Breathing techniques or Mantras are combined with a mudra to stimulate your nerves while also calming your nervous system. When you take a long slow deep breath or chant a mantra with calm, loving words while at the same time tapping your fingers on different channels in your hand, you’re literally training your body to stay calm as it’s being challenged with more stimulation.

I’ve noticed my capacity to handle my stress grow along with my ability to deal with certain life events that I would have previously regarded as overwhelming. I am able to engage with the world for longer, more sustained periods of time before feeling the need to take a break from it.

3) Awareness of Habits and Behaviors

Two major ways Kundalini brings awareness to your habits and behaviors is through movement (Kriyas) and meditation. 

Movement is an important factor in any yoga practice because it stirs up stagnant energy held in the body. We come to class after a day filled with social interactions, running task lists, chores, and other pressing issues. If we go into the next day without releasing, processing, or acknowledging what we experienced then we can wake up the next day still carrying everything that happened. These experiences will continue to build up and clog our system until we decide to move things up a bit. The series of postures that make up a Kriya are intentional: they work together to move energy from different parts of your body and direct it up and out of your system.

Chakra Centers are another way of looking at this process. Often times the sequence of moments starts in your lower three chakras. It’ll then slowly bring the energy through your heart center and ultimately up and into the higher three chakras. What is also stirred up in the process, however, is the stored emotions can be attached to the energy accumulated throughout our days.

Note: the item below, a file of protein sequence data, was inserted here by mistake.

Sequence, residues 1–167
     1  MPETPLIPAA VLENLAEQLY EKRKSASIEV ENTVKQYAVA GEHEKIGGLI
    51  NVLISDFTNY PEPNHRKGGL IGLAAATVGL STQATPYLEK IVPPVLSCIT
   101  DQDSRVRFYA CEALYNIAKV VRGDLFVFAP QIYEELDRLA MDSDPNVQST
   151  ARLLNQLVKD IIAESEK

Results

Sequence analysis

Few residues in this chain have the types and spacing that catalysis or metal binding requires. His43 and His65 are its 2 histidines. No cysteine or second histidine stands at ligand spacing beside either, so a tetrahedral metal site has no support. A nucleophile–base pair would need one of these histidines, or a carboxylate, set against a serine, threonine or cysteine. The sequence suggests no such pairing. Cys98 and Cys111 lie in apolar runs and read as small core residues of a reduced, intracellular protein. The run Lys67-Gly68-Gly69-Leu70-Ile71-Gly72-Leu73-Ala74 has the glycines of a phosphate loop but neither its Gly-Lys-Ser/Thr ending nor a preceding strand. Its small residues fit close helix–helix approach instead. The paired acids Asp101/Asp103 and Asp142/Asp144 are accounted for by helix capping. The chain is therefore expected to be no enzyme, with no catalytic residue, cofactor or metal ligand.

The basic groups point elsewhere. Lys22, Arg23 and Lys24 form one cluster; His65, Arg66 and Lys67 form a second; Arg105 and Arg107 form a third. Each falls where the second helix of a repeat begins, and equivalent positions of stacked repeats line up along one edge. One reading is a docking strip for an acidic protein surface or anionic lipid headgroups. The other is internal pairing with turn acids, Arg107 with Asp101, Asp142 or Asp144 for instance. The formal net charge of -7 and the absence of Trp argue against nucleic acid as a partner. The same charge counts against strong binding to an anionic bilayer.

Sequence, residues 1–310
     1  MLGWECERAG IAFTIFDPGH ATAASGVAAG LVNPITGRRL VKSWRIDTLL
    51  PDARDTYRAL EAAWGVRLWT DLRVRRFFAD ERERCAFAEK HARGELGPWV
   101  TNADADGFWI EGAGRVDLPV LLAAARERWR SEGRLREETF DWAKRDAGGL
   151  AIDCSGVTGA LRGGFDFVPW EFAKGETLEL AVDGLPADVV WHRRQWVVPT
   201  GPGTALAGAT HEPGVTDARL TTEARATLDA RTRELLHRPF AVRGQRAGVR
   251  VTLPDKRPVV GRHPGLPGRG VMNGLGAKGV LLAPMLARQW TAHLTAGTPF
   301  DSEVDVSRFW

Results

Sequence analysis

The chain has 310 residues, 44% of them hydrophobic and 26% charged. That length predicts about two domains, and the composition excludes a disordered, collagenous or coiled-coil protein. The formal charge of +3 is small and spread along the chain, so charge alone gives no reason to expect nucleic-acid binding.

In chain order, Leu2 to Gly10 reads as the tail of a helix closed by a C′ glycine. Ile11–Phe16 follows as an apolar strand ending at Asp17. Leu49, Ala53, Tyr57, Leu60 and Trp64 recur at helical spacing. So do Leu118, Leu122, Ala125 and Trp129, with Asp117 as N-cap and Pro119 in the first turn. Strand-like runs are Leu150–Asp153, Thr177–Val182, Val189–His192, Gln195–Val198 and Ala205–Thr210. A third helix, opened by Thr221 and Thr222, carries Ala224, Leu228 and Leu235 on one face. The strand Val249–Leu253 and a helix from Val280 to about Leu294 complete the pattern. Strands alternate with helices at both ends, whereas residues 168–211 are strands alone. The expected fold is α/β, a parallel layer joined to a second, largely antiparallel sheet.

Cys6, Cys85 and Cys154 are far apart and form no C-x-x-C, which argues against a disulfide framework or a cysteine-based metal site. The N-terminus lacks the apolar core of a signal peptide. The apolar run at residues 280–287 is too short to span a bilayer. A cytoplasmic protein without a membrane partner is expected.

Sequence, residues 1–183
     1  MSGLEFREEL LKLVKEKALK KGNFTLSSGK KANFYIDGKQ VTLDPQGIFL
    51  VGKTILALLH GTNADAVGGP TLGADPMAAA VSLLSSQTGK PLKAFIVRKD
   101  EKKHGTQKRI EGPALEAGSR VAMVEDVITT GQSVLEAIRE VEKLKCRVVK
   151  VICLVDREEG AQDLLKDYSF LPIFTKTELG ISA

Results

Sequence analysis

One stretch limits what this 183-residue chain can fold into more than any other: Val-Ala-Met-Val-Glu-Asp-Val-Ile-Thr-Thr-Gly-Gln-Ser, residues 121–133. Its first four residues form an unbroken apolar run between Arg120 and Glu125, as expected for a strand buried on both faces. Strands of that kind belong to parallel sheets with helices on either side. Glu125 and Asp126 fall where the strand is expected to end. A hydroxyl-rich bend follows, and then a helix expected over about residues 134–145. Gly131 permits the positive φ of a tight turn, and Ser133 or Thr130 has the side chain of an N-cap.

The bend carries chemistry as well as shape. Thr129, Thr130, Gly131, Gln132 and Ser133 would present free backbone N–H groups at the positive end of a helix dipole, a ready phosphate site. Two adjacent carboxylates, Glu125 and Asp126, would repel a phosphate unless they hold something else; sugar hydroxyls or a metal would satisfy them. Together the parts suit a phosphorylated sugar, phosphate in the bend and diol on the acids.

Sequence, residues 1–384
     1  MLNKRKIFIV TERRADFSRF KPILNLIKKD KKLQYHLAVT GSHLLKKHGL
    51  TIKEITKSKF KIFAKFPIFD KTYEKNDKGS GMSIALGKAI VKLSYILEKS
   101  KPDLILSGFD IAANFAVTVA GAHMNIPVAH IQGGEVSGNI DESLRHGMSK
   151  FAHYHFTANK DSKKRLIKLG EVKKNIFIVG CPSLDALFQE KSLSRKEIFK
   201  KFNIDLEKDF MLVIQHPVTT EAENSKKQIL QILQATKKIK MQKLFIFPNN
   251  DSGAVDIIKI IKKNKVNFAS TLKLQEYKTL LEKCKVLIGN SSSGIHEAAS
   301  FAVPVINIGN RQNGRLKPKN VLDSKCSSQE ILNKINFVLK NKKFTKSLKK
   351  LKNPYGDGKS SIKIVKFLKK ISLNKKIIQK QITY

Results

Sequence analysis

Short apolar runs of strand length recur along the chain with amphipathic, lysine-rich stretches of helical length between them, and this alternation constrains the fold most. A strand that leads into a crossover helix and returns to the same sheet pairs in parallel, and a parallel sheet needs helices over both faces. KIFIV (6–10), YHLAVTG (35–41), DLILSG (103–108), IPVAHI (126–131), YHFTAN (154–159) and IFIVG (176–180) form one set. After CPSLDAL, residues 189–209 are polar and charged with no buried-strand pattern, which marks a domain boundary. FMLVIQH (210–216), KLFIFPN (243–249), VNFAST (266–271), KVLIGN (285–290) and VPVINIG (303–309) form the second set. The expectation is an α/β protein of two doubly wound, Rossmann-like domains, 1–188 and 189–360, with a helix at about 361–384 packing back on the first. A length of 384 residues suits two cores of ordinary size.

Meditation always comes after the Kriya to clear your subconscious mind of all the past emotions you’ve just brought up and into you crown chakra center. 

The more I practice the more it feels as if I am responding to the present moment without filters from past traumas, past memories, or from my own self-delusionment. I’ve even started to look at past actions through this clearer lens: was I reacting out of a habitual place? I found some experiences to be jarring and hard to face. But, these experiences — no matter what they continue to bring up — always present me with the opportunities to practice humility, authenticity, strength, courage, and love as forms of healing.

Ultimately, Kundalini Yoga invites you to face, heal, nurture, and grow out of any thoughts, behaviors, or bodily response patterns that are no longer serving you. It helps you cleanse your subconscious mind of past emotions that continue to discolor your current reality. What helped me along my journey was developing a relationship with my yoga teachers and fellow students. Having people to turn to who have either already walked the path I’m on or who are currently walking it with me makes all my experiences more digestible, relatable, and fun!

Where can you find Kundalini Yoga?

If you’re interested in experiencing a Kundalini Yoga class, here are a few recommended yoga studios around LA & NYC to get you started:

Ra Ma Institute Located in Venice, Los Angeles, & NYC

Seventh Chakra Yoga Huntington Beach

Yoga West Los Angeles

Go Inward Long Beach

Kundalini Yoga East NYC

Hari NYC